FIG. 1 is a perspective view of one form of guard illustrative of an embodiment of the invention; and
FIG. 2 is a center-line section view thereof.
Referring to the drawings, it will be seen that the illustrative bandage guard includes a rigid tubular member 2, preferably of plastic or metal, having an open first end 4 and a closed second end 6. A flexible sleeve member 8, preferably of plastic or rubber, is fixed to the tubular member 2 and extends from the first end 4 thereof. As illustrated, the sleeve member 8 may encompass the tubular member 2. Alternatively, the sleeve member 8 may be an angular member fixed to the tubular member on the side of the tubular member and extending beyond the open end of the tubular member.
The flexible sleeve member 8 is provided with an opening 10 which is in general alignment with and is smaller than the tubular member open end 4. The opening 10 is biased toward its smallest size, but is expandable to accommodate a finger disposed therein. If the sleeve member is of elastomeric material, the opening 10 will be correspondingly elastic and expandable. If the sleeve material is not elastomeric, a ring of elastomeric material (not shown) may be provided proximate the opening 10.
In a preferred embodiment, the length of the tubular member 2 is about 3 inches and its diameter is about 11/2 inches. The sleeve opening 10 is about 5/8 inch in diameter in its non-expanded state.
In use, a bandaged finger is inserted in the device through the opening 10 which expands to accommodate the finger. The smooth interior of the rigid tubular member permits sliding of the bandage therein without the device tugging on the bandage. Once in place, the tubular member 2 protects the bandaged area from bending or being struck, while the sleeve 8, fitting snugly about the finger, prevents entry of water, dirt or impurities.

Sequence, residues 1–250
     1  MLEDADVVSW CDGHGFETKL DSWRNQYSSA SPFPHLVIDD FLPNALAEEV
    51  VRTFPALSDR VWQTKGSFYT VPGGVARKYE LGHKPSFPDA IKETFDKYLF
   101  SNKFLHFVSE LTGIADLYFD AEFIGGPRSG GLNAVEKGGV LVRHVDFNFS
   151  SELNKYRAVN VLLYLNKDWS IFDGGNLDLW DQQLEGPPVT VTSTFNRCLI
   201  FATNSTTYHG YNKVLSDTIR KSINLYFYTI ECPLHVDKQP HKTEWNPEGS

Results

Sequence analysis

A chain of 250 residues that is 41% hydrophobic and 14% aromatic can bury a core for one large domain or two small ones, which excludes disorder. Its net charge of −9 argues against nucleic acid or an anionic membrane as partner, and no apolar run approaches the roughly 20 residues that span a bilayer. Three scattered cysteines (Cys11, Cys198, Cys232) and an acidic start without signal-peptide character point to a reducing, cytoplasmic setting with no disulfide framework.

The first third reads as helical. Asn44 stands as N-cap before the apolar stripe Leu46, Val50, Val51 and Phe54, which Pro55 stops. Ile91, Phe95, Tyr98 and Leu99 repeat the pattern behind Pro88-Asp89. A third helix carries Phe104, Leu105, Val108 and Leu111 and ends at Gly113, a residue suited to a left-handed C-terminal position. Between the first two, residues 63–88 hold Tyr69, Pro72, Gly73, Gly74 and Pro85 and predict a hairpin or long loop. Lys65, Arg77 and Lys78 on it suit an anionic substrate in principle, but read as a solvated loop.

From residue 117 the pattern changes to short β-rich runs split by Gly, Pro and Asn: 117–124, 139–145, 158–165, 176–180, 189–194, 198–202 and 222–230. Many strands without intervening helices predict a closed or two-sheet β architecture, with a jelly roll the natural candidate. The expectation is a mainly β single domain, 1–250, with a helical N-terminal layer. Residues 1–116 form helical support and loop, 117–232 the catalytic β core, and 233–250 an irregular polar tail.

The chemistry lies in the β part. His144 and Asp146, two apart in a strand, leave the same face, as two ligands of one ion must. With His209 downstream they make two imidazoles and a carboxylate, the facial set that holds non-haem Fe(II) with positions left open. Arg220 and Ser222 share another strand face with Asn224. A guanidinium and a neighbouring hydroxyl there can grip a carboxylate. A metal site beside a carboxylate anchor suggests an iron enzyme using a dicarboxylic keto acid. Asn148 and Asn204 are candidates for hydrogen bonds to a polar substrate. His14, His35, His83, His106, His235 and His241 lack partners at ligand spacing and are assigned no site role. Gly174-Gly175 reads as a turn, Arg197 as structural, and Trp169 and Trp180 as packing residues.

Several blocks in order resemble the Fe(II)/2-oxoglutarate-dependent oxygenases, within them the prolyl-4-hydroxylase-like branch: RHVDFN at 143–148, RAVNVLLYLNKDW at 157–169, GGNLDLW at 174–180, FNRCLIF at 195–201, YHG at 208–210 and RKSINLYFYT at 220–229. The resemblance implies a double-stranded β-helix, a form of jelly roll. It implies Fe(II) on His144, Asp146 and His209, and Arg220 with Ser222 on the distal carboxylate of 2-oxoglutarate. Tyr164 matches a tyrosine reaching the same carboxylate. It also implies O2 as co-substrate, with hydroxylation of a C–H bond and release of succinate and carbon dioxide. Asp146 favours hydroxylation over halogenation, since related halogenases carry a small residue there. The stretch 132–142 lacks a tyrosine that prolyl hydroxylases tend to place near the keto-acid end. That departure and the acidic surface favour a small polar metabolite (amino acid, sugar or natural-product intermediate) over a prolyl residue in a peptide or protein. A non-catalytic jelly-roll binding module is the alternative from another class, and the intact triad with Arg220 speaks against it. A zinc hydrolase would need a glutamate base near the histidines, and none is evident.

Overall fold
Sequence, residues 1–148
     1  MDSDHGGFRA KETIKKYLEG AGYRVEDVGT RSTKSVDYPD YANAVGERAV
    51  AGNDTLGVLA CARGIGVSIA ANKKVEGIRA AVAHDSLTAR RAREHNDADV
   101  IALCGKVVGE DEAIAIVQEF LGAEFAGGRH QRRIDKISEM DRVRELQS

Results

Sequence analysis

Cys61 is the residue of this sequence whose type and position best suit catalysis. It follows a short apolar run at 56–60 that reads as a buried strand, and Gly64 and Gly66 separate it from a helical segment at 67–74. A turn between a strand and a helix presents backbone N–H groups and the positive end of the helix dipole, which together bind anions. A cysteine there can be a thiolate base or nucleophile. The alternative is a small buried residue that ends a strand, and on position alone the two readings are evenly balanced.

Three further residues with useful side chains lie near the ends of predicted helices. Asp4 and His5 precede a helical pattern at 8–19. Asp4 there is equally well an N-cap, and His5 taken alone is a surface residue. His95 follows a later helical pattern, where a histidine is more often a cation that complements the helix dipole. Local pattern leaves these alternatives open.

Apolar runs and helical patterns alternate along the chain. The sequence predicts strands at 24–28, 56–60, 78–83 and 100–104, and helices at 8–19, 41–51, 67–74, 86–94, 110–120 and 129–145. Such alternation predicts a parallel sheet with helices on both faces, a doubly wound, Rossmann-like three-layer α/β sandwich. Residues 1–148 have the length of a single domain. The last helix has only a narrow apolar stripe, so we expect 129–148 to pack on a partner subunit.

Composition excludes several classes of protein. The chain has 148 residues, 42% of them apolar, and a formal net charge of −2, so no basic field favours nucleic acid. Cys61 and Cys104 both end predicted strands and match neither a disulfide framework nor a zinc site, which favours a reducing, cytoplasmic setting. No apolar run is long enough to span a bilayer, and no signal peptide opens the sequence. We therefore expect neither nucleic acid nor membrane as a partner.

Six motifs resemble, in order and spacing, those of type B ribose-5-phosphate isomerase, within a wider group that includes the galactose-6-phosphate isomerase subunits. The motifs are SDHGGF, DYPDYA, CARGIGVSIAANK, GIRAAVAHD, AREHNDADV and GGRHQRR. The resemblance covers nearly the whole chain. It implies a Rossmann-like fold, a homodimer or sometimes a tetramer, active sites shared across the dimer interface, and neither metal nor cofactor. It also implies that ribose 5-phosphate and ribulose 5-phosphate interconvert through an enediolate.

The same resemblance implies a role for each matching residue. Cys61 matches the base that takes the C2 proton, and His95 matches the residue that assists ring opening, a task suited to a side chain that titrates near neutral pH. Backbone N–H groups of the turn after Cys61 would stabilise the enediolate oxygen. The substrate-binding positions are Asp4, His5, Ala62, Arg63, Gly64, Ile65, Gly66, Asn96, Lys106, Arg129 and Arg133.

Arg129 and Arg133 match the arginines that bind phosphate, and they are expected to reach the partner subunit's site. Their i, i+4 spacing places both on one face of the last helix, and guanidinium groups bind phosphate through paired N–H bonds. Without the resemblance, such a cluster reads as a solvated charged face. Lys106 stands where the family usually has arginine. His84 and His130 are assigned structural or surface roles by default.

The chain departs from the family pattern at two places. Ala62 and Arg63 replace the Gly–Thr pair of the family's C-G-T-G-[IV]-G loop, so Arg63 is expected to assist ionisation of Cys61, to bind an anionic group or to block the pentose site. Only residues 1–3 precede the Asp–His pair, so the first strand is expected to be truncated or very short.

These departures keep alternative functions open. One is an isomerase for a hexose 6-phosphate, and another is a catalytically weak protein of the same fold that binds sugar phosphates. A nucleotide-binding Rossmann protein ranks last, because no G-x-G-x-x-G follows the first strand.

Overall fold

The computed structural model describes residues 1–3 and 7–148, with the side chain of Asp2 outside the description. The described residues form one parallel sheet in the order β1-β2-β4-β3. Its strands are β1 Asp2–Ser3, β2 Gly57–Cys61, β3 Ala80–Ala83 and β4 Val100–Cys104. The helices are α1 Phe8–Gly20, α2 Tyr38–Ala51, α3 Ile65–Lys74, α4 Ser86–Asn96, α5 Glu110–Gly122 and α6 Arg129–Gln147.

It is to be understood that the present invention is by no means limited to the particular construction herein disclosed and/or shown in the drawings, but also comprises any modifications or equivalents within the scope of the disclosure.
|Citing Patent||Filing date||Publication date||Applicant||Title|
|US4986265 *||Jun 8, 1989||Jan 22, 1991||Caponi Ronald E||Protective cover for cast|
|US5817038 *||Aug 22, 1994||Oct 6, 1998||Orange; Beatrice Marie||Waterproof covering and equipment support for limbs|
|US7020899 *||Oct 23, 2002||Apr 4, 2006||Frank Vincent Carlopio||Fluid impervious cast protector|
|US7645252||Jan 12, 2010||Barbara Brooke Jennings-Spring||Body or plant part dressing|
|US7867179||Jan 11, 2011||Bindas Jan J||Protective covering process|
|US7905852||Aug 29, 2008||Mar 15, 2011||Barbara Jennings-Spring||Skin-contacting-adhesive free dressing|
|US20060200056 *||Mar 4, 2005||Sep 7, 2006||Bindas Jan J||Protective covering process|
|US20070270737 *||May 16, 2006||Nov 22, 2007||Jennings-Spring Barbara L||Body or plant part dressing|
|US20090005722 *||Aug 29, 2008||Jan 1, 2009||Barbara Jennlngs-Spring||Skin-contacting-adhesive free dressing|
|WO1993014730A1 *||Feb 2, 1993||Aug 5, 1993||Camille Faure||Protection of bandages or similar|
|U.S. Classification||128/880, 2/67|
|Aug 11, 1987||REMI||Maintenance fee reminder mailed|
|Jan 3, 1988||LAPS||Lapse for failure to pay maintenance fees|
|Mar 22, 1988||FP||Expired due to failure to pay maintenance fee|
Effective date: 19880103